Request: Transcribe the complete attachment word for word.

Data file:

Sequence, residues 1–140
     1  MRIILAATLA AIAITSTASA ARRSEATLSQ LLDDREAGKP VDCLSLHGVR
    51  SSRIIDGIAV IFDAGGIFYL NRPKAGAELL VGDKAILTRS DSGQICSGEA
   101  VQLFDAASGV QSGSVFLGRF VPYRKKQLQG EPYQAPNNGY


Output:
Sequence, residues 1–140
     1  MRIILAATLA AIAITSTASA ARRSEATLSQ LLDDREAGKP VDCLSLHGVR
    51  SSRIIDGIAV IFDAGGIFYL NRPKAGAELL VGDKAILTRS DSGQICSGEA
   101  VQLFDAASGV QSGSVFLGRF VPYRKKQLQG EPYQAPNNGY